“Bite-Size Bits of Local, National, and Global History”
“Bite-Size Bits of Local, National, and Global History”
Santa Fe in Santa Fe County, New Mexico — The American Mountains (Southwest)

Trade Transforms Art

Art of Santa Fe Trail

Trade Transforms Art Marker image. Click for full size.
Photographed By Jason Voigt, October 12, 2021
1. Trade Transforms Art Marker
Inscription.  Santa Fe became a hub of international trade in the 1800s. Materials from European and US manufacturers arrived from the east. Goods from central Mexico and South America arrived from the south. Products were traded at western ports for livestock and supplies. The exchange of Spanish, American Indian, Mexican, and US cultures inspired uniquely New Mexican art.

Preserved in the Stockman Collections Center to your left are examples of a blending of American materials and designs with traditional Spanish arts and crafts. Today's visitor can see the influence of the trails in the cultural practices and art in Santa Fe.

Old Spanish Trail (1829-1848)

Woolen goods from New Mexico were in high demand in the markets and ports of Los Angeles. In exchange, California-bred horses and mules were transported back to Santa Fe.

El Camino Real de Tierra Adentro (1598-1880)

Spanish colonialism influenced American Indian art by introducing artistic styles and religious symbolism from Europe, Asia, and Central America. Similarly, trail commerce introduced American Indian art around the world.
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Santa Fe Trail (1821-1880)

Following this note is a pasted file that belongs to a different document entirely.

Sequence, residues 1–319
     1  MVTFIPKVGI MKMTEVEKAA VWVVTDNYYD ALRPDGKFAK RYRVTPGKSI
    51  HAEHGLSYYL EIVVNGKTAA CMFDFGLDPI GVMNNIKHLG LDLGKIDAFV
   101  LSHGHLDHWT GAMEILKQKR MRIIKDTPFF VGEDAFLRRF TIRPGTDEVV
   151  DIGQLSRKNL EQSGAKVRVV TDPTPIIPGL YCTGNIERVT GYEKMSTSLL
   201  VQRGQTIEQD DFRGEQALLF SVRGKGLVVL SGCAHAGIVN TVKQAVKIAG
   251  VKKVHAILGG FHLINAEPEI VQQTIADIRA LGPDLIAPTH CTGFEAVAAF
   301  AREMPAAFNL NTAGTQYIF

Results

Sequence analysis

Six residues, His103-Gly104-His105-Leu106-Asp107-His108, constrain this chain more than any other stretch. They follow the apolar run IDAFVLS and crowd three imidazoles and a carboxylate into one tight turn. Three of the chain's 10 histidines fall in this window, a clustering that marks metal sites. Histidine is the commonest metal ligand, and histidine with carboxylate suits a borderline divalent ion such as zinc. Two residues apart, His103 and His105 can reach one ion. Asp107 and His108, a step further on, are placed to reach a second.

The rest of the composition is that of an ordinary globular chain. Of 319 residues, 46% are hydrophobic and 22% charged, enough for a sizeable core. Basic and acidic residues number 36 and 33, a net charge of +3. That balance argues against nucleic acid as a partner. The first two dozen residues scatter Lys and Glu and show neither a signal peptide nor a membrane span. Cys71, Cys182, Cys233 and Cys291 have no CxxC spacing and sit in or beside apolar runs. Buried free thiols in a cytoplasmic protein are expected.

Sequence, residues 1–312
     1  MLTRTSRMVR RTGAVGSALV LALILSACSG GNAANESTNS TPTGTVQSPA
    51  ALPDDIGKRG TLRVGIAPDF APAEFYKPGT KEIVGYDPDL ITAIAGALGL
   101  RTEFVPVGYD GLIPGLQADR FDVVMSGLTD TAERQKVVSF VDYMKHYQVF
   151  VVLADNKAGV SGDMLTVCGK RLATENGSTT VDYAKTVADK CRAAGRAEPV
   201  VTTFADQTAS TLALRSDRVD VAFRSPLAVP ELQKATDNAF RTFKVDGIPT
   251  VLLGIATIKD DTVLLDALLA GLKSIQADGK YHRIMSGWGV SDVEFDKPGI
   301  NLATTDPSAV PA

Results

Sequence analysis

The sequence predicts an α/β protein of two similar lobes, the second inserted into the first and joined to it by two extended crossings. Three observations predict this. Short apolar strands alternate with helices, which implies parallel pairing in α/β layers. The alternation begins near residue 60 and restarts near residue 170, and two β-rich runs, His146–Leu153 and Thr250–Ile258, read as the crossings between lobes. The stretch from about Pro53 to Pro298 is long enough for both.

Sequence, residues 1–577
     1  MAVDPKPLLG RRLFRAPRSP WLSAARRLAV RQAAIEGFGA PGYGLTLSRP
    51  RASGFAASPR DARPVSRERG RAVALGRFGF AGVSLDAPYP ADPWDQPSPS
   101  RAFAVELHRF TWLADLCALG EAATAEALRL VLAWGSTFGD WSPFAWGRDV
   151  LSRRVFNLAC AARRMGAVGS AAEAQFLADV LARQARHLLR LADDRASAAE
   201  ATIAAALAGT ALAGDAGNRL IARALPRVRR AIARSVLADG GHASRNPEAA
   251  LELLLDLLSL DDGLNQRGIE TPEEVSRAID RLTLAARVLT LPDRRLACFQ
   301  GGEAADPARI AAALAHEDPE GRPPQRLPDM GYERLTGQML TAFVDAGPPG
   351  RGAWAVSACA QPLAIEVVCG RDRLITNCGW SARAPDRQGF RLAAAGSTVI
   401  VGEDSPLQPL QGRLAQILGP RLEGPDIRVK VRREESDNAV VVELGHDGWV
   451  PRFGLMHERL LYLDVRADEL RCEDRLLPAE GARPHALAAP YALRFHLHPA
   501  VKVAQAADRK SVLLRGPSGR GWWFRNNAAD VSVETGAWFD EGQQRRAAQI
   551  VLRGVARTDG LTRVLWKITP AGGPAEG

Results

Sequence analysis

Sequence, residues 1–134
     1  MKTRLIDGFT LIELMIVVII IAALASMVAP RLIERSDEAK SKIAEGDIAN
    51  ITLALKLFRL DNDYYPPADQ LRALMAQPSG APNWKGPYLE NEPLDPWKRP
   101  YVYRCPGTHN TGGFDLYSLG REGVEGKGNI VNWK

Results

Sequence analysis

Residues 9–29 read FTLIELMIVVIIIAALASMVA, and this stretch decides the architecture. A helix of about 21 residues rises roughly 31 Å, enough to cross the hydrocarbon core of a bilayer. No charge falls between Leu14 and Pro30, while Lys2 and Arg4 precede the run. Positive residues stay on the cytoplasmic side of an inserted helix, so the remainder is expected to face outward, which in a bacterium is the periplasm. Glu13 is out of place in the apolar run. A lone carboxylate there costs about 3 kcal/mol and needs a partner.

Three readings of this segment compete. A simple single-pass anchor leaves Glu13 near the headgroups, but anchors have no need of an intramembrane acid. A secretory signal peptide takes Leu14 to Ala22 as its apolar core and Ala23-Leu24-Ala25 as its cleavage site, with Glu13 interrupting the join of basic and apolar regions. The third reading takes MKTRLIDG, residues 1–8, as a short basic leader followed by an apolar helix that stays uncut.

The use of tin containers and machine woven textiles in Santa Fe art began when trade introduced new materials from eastern markets to Mexico. Trade increased when Santa Fe became part of the United States in 1848.


A Lasting Impression

Wagon trains carved deep ruts into Museum Hill such as the ones in front of you. Each loaded wagon contributed to packing the earth and the trail bed a little deeper, forming swales that remain visible today.

(photo caption:)

Tin cans, machine-woven cloths, and other manufactured goods were recycled in the making of traditional arts. Designs and symbols were inspired by the cultural exchange along the trails.
Erected by National Park Service.
Topics and series. This historical marker is listed in these topic lists: Arts, Letters, MusicIndustry & CommerceRoads & Vehicles. In addition, it is included in the Santa Fe Trail series list. A significant historical year for this entry is 1848.
Location. 35° 39.972′ N, 105° 55.456′ W. Marker is in Santa Fe, New Mexico, in Santa Fe County. Marker can be reached from Camino Lejo south of Old Santa Fe Trail. Marker is in front of the Museum of Spanish Colonial
Trade Transforms Art Marker image. Click for full size.
Photographed By Jason Voigt, October 12, 2021
2. Trade Transforms Art Marker
Museum of Spanish Colonial Art is on the left
Art. Touch for map. Marker is at or near this postal address: 750 Camino Lejo, Santa Fe NM 87505, United States of America. Touch for directions.
Other nearby markers. At least 8 other markers are within 2 miles of this marker, measured as the crow flies. Mexican Colonial House (within shouting distance of this marker); The Artist's Garden (within shouting distance of this marker); Santa Fe Trail - Road to Opportunity (about 700 feet away, measured in a direct line); Journey's End (about 700 feet away); Kearny's Gap Bridge (approx. ¼ mile away); Santa Fe Korean War Memorial (approx. 0.6 miles away); A Two Way Street (approx. 0.6 miles away); The Santa Fe Trail (approx. 1.4 miles away). Touch for a list and map of all markers in Santa Fe.
Credits. This page was last revised on October 25, 2021. It was originally submitted on October 25, 2021, by Jason Voigt of Glen Carbon, Illinois. This page has been viewed 86 times since then and 24 times this year. Photos:   1, 2. submitted on October 25, 2021, by Jason Voigt of Glen Carbon, Illinois.

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Sep. 25, 2023